The Museum of Hoaxes
hoax archive hoax archive hoax archive hoax archive hoax archive
 
Loch Ness Monster Hoaxes
Bonsai Kittens, 2000
What do the lines on Solo cups mean?
The Stone-Age Tasaday Hoax, 1971
Paul Krassner's Stereophonic Hoax, 1960
The boy with the golden tooth, 1593
Female thieves hide money in their bras, 1950
'Solar Armor' freezes man in Nevada Desert, 1874
The Gallery of Fake Viral Images
Pierre Brassau, Monkey Artist, 1964
The Melon Party
A postcard created by Alfred Stanley Johnson of Waupun, Wisconsin. The top image shows the original, unedited picture which Johnson used to create the trick effect. The children posed, holding wooden props. Johnson then cut and pasted a picture of a watermelon slice into this picture to create the finished postcard (bottom): an illusion of a children's party featuring a giant watermelon.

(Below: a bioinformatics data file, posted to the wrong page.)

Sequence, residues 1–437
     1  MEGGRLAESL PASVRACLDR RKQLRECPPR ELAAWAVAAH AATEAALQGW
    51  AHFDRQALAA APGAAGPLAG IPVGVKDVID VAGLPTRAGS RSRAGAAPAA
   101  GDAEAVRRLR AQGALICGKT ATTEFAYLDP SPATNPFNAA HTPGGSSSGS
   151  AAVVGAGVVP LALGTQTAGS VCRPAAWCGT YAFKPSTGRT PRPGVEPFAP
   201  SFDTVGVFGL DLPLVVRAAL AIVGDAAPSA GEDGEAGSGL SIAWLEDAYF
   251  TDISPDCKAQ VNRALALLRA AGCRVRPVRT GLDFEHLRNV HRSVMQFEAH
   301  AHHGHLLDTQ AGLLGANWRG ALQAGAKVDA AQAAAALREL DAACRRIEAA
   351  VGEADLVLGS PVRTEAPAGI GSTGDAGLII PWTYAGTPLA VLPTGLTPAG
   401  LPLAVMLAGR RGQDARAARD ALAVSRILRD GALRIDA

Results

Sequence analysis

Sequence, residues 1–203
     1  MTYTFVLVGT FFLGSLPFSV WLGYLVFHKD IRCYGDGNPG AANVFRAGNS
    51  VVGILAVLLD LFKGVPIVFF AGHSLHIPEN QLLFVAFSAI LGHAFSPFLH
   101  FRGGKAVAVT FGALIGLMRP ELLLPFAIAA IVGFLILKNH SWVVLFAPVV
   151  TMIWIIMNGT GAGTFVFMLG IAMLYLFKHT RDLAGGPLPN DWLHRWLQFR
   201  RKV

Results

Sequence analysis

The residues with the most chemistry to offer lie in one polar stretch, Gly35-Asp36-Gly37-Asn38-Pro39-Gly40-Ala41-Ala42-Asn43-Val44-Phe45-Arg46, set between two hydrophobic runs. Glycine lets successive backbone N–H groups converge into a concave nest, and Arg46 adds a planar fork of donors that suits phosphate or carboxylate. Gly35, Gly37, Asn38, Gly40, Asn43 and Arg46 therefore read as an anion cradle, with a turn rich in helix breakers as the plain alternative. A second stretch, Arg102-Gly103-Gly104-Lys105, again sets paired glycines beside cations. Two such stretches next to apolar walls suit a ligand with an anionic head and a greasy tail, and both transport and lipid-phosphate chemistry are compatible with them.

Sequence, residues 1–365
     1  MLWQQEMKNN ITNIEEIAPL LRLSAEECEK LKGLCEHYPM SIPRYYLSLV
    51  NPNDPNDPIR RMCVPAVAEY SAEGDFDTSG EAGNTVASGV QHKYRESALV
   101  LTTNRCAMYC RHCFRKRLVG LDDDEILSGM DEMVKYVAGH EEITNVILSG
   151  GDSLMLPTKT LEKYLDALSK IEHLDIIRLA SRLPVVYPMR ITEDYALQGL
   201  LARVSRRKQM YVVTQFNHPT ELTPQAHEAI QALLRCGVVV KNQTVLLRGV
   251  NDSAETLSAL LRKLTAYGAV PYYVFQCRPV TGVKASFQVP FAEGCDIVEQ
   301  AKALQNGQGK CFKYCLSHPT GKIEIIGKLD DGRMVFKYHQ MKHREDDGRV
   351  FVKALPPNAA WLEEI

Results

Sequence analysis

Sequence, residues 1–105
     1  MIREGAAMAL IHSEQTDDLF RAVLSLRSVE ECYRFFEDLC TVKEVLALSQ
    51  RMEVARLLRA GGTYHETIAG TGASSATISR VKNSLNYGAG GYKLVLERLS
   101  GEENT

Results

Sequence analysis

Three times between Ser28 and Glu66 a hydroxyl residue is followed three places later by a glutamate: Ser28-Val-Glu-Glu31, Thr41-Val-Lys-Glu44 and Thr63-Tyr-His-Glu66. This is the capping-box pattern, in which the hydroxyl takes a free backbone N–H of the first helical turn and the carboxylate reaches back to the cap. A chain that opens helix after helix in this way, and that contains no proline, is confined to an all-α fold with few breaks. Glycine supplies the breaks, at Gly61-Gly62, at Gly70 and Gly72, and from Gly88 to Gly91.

Tall-tale postcards experienced the peak of their popularity from 1905 to 1915, but cards of this kind are still being created and sent today. And the internet, combined with software that makes it easier than ever to manipulate images, has breathed new life into the genre of tall-tale photography.

Links and References
Rubin, C.E. & Williams, M. (1990). Larger Than Life: The American Tall-Tale Postcard, 1905-1915. Abbeville Press: p. 108.


All text Copyright © 2014 by Alex Boese, except where otherwise indicated. All rights reserved.